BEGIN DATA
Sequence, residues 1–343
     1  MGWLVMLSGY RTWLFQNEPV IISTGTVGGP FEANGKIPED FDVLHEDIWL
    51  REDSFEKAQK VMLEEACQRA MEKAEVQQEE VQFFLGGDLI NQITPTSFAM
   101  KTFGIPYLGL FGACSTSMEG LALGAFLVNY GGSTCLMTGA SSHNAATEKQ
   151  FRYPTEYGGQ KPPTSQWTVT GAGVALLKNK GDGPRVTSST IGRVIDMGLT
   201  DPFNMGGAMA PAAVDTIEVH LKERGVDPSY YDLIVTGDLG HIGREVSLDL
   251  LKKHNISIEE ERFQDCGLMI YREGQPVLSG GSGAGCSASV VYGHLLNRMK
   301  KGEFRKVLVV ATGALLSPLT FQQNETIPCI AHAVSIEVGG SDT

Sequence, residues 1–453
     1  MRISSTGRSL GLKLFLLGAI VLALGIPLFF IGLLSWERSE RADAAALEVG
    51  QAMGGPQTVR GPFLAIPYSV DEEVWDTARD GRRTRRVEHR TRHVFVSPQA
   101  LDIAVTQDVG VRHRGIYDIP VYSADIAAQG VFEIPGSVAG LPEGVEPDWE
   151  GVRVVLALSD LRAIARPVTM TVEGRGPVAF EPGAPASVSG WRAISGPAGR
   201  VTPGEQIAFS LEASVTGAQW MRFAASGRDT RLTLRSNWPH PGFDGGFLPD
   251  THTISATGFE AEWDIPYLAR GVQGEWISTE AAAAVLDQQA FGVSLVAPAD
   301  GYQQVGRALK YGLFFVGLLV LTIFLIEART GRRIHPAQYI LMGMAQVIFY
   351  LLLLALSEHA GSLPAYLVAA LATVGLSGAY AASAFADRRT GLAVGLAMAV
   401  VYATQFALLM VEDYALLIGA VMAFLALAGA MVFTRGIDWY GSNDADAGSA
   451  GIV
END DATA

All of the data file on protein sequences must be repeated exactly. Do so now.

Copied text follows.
Sequence, residues 1–343
     1  MGWLVMLSGY RTWLFQNEPV IISTGTVGGP FEANGKIPED FDVLHEDIWL
    51  REDSFEKAQK VMLEEACQRA MEKAEVQQEE VQFFLGGDLI NQITPTSFAM
   101  KTFGIPYLGL FGACSTSMEG LALGAFLVNY GGSTCLMTGA SSHNAATEKQ
   151  FRYPTEYGGQ KPPTSQWTVT GAGVALLKNK GDGPRVTSST IGRVIDMGLT
   201  DPFNMGGAMA PAAVDTIEVH LKERGVDPSY YDLIVTGDLG HIGREVSLDL
   251  LKKHNISIEE ERFQDCGLMI YREGQPVLSG GSGAGCSASV VYGHLLNRMK
   301  KGEFRKVLVV ATGALLSPLT FQQNETIPCI AHAVSIEVGG SDT

Sequence, residues 1–453
     1  MRISSTGRSL GLKLFLLGAI VLALGIPLFF IGLLSWERSE RADAAALEVG
    51  QAMGGPQTVR GPFLAIPYSV DEEVWDTARD GRRTRRVEHR TRHVFVSPQA
   101  LDIAVTQDVG VRHRGIYDIP VYSADIAAQG VFEIPGSVAG LPEGVEPDWE
   151  GVRVVLALSD LRAIARPVTM TVEGRGPVAF EPGAPASVSG WRAISGPAGR
   201  VTPGEQIAFS LEASVTGAQW MRFAASGRDT RLTLRSNWPH PGFDGGFLPD
   251  THTISATGFE AEWDIPYLAR GVQGEWISTE AAAAVLDQQA FGVSLVAPAD
   301  GYQQVGRALK YGLFFVGLLV LTIFLIEART GRRIHPAQYI LMGMAQVIFY
   351  LLLLALSEHA GSLPAYLVAA LATVGLSGAY AASAFADRRT GLAVGLAMAV
   401  VYATQFALLM VEDYALLIGA VMAFLALAGA MVFTRGIDWY GSNDADAGSA
   451  GIV